‘It'll be harder to brake but it shouldn’t be a problem’: Magnus Cort continues Tour de France with broken finger

The Dane was seen riding stage five with a splint supporting his finger

(Image credit: Getty Images)

Magnus Cort will continue in the Tour de France with a broken finger he suffered in a crash on stage four.

The Dane was caught in a fall with his Astana team-mate Gorka Izagirre half way through the stage to Nancy, with X-rays later revealing he had broken a bone in his finger.

Both riders finished the stage and were able to start on day five, but Cort was seen riding with his finger supported by a splint.

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The 26-year-old said after stage four: “It wasn’t a very hectic day, the moments before the crash there was no stress in the peloton.

“But then out of nowhere somebody crashed and I wasn’t able to avoid him, so I crashed while almost standing still.

“In the end I have a small fracture in one of my fingers, but it shouldn’t be a problem. Of course it’s never nice to crash and it will be a bit harder to brake, but I’m confident about continuing the race in the way I was planning to.”

Astana leader Jakob Fuglsang, who suffered a nasty cut in his own crash on stage one, said: “It was a good day for me, I felt even better than yesterday.

“Luckily, I was able to avoid a crash, but Magnus Cort who was riding behind me did crash. I hope his injury will have no influence on his performance in the upcoming weeks."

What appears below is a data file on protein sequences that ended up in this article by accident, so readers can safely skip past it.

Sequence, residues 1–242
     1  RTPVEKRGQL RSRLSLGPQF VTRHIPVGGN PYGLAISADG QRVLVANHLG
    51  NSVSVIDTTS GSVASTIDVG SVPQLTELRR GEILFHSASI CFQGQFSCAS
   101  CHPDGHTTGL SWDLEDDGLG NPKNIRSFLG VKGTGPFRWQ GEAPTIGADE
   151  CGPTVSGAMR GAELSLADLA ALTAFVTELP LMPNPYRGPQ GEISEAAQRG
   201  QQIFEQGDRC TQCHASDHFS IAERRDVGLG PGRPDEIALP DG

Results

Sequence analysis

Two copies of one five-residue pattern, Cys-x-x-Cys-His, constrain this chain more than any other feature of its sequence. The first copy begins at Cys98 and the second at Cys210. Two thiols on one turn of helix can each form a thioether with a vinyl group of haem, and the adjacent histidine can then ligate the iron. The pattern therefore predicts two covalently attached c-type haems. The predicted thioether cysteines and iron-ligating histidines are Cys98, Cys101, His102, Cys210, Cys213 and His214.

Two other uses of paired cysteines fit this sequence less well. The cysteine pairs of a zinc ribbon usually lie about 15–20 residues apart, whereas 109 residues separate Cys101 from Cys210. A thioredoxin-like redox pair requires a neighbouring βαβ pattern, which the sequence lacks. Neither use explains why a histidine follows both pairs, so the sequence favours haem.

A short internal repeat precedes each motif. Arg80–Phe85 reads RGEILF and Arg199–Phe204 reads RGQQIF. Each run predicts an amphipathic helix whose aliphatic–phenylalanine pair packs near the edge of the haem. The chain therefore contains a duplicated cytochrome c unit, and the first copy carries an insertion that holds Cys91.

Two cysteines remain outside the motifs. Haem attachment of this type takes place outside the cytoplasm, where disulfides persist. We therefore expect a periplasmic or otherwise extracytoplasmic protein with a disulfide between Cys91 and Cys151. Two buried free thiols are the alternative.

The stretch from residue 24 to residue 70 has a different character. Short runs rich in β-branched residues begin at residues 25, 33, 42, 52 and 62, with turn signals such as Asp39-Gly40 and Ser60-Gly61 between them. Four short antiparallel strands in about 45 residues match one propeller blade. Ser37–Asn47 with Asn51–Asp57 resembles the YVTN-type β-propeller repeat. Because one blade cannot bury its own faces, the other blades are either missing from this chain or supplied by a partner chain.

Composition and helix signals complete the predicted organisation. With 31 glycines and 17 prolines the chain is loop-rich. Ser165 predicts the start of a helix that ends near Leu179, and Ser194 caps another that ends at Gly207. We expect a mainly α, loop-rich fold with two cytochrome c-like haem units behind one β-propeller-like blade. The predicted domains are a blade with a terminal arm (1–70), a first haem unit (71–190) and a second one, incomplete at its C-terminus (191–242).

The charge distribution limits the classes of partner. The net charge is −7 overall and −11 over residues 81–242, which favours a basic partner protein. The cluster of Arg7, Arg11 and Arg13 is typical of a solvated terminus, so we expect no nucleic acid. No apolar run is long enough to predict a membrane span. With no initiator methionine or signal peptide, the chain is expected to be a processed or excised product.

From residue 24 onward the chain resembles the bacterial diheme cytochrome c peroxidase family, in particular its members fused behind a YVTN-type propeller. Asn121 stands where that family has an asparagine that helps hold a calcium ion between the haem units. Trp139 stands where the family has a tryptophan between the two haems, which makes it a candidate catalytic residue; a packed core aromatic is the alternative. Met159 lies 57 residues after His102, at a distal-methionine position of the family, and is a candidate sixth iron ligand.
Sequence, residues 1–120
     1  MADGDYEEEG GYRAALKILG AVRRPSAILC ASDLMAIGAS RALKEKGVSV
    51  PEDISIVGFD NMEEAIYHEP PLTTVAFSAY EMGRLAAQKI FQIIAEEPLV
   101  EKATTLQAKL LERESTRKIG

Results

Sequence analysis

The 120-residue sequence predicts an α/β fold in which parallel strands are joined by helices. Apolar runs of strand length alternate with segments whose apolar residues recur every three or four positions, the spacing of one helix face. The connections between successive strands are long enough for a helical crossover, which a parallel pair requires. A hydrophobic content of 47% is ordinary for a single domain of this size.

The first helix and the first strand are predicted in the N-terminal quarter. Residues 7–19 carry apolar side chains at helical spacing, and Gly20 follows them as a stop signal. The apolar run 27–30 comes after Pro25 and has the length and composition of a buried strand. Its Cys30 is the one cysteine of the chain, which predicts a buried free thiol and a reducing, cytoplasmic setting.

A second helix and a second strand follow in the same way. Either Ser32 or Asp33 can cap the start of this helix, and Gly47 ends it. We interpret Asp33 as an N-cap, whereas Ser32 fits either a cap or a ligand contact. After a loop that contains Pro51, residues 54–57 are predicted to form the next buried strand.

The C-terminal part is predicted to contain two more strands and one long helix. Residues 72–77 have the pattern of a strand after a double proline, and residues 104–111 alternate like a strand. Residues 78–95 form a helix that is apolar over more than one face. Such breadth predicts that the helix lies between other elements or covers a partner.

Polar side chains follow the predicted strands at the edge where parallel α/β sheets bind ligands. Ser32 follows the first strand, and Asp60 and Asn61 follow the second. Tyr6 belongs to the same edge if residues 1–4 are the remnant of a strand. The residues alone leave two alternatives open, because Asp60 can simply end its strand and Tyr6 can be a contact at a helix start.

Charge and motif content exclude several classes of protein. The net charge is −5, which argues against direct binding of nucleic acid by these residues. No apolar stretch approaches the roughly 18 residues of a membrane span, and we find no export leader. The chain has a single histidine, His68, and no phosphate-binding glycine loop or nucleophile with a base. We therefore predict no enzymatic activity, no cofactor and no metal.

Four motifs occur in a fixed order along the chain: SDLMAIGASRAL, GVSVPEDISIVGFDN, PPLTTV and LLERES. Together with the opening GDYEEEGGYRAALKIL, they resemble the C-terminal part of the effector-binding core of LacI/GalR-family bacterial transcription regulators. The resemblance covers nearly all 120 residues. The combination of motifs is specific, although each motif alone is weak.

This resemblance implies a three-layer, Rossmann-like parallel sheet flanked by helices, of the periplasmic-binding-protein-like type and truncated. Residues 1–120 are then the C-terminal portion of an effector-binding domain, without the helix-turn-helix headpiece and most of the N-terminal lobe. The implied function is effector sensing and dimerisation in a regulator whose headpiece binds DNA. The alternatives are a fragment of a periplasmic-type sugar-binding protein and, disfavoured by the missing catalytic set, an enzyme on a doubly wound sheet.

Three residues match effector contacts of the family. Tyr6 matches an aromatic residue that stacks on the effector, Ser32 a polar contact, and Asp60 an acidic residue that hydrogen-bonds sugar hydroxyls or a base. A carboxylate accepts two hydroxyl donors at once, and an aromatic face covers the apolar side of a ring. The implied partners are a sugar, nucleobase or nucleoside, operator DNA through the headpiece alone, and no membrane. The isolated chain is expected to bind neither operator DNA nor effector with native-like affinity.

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There have been plenty of crashes so far in the Tour de France 2019, including Fuglsang’s fall which happened when Bahrain-Merida’s Damiano Caruso hit the floor in front of the Dane.

A Cofidis rider was also caught out on stage four when he hit a bollard at full speed and was thrown over the handlebars.

Despite the crashes, all riders have made it through the first four stages.

Alex Ballinger
Alex Ballinger

Alex is the digital news editor for CyclingWeekly.com. After gaining experience in local newsrooms, national newspapers and in digital journalism, Alex found his calling in cycling, first as a reporter and now as news editor responsible for Cycling Weekly's online news output.

Since pro cycling first captured his heart during the 2010 Tour de France (specifically the Contador-Schleck battle) and joining CW in 2018, Alex has covered three Tours de France, multiple editions of the Tour of Britain, and the World Championships, while both writing and video presenting for Cycling Weekly. He also specialises in fitness writing, often throwing himself into the deep end to help readers improve their own power numbers. 

Away from journalism, Alex is a national level time triallist, avid gamer, and can usually be found buried in an eclectic selection of books.